Over at IIM-Bangalore, the Nadathur S Raghavan Centre for Entrepreneurial Learning (NSRCEL) has kept up the city’s image as a hotbed of ideas. Occupying pride of place in the leafy environs of the campus on Bannerghatta Road, the centre has consistently turned out successes. It started with an endowment from Infosys co-founder NS Raghavan in 2003, and has an enviable record. Of the 27 start-ups it incubated, for example, as many as 20 are flourishing.
At NRSCEL, the incubation period is 18 months, and each project is reviewed every six months. “We will hand-hold them completely during the period and help them with accounting, legal issues and drafting contracts. We also try to help them financially, though most manage to find investors. On an average, we spend Rs 35 lakh per company for the 18 months, while they pay just 10 per cent of it in the form of rent. Of course, once the company is incubated, they have to pay us 5 per cent of undiluted equity. Now that’s a very small sum for invaluable mentoring services. It’s a splendid environment,” says NSRCEL’s Chief Operating Officer A Suryanarayanan.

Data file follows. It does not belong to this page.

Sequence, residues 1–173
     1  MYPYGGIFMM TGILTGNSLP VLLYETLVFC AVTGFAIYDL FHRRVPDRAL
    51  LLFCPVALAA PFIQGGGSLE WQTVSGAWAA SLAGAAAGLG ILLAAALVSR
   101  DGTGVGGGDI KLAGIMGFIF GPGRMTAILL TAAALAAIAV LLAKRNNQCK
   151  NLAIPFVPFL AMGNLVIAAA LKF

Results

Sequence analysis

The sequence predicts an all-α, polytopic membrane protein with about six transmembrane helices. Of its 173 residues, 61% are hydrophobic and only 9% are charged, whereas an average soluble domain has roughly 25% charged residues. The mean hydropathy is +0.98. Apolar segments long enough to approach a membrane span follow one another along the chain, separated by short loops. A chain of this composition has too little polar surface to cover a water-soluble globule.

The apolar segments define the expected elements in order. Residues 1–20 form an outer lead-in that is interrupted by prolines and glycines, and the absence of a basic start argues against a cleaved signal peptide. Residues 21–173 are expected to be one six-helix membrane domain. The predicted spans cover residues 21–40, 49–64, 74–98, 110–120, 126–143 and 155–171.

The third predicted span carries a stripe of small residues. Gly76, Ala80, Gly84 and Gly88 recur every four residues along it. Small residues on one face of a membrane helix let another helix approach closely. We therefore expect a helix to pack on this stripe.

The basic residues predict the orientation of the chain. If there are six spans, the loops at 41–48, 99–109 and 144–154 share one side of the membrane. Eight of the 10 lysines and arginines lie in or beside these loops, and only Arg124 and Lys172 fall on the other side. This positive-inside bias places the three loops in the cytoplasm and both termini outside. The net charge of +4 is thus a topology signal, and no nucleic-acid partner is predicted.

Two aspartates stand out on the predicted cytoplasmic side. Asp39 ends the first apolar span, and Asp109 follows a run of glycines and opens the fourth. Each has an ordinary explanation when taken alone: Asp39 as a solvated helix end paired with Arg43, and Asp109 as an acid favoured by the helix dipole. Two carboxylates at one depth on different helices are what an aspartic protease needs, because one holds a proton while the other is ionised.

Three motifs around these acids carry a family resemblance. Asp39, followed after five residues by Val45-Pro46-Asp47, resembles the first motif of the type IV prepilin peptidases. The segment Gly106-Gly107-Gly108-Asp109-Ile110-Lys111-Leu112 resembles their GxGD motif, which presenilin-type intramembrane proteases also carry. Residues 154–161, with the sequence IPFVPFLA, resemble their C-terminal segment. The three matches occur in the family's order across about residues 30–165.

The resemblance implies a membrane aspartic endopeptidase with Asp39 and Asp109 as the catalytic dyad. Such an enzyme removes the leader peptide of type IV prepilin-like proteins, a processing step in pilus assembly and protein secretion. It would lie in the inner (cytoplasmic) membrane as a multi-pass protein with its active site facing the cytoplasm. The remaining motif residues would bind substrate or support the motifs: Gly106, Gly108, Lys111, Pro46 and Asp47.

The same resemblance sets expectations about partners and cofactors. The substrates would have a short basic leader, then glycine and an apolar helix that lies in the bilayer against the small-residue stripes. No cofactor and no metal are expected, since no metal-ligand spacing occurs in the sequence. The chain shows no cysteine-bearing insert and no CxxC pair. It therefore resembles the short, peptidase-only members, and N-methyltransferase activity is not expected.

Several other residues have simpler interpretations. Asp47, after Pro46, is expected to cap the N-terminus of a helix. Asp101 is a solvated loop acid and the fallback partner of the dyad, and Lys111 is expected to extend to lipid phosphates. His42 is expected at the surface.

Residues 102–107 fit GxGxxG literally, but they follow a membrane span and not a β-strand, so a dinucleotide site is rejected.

At 22, Abhishek Humbad is proud to be a rupee millionaire. He founded NextGen PMS, a clean-tech company that is today the toast of NRSCEL. Humbad’s firm helps large companies analyse and decrease their carbon footprint. His impressive roster of clients includes Intel, Infosys, Ministry of Renewable Energy, ICICI Bank and Mindtree, eco-conscious organisations all. “We map carbon emissions (both direct and indirect) and analyse them for hotspots, and help companies plan to reduce their energy consumption. Once we step in, companies can reduce costs, play up their green branding, improve their CSR [corporate social responsibility] quotient and even earn carbon credits,’’ he says. It all started when Humbad and two of his campus mates at BITS-Pilani set up a biogas plant that produced gas from food waste. “What we did in Pilani started as a fun thing. The idea came from a World Bank project that we worked on to get carbon credits in rural areas. We researched the subject for three years and presented papers. Clean technology soon evolved as a core business model. We presented the idea to NRSCEL in October 2008 and they accepted it,” adds Humbad.